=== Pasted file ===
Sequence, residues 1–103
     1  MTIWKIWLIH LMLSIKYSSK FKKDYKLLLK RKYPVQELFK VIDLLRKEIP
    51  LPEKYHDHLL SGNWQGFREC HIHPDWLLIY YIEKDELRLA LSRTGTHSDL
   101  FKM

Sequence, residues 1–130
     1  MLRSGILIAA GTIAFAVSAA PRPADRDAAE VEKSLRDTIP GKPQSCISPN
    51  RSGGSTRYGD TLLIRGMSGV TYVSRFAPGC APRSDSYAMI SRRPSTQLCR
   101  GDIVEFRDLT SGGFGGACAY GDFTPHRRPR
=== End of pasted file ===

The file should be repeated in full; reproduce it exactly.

Sequence, residues 1–103
     1  MTIWKIWLIH LMLSIKYSSK FKKDYKLLLK RKYPVQELFK VIDLLRKEIP
    51  LPEKYHDHLL SGNWQGFREC HIHPDWLLIY YIEKDELRLA LSRTGTHSDL
   101  FKM

Sequence, residues 1–130
     1  MLRSGILIAA GTIAFAVSAA PRPADRDAAE VEKSLRDTIP GKPQSCISPN
    51  RSGGSTRYGD TLLIRGMSGV TYVSRFAPGC APRSDSYAMI SRRPSTQLCR
   101  GDIVEFRDLT SGGFGGACAY GDFTPHRRPR